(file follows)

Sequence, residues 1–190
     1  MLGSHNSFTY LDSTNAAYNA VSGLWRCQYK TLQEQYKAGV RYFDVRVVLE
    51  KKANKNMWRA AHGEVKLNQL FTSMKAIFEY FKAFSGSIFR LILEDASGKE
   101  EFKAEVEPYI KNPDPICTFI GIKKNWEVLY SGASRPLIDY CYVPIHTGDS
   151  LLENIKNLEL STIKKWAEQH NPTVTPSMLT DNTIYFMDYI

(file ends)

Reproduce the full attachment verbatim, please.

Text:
Sequence, residues 1–190
     1  MLGSHNSFTY LDSTNAAYNA VSGLWRCQYK TLQEQYKAGV RYFDVRVVLE
    51  KKANKNMWRA AHGEVKLNQL FTSMKAIFEY FKAFSGSIFR LILEDASGKE
   101  EFKAEVEPYI KNPDPICTFI GIKKNWEVLY SGASRPLIDY CYVPIHTGDS
   151  LLENIKNLEL STIKKWAEQH NPTVTPSMLT DNTIYFMDYI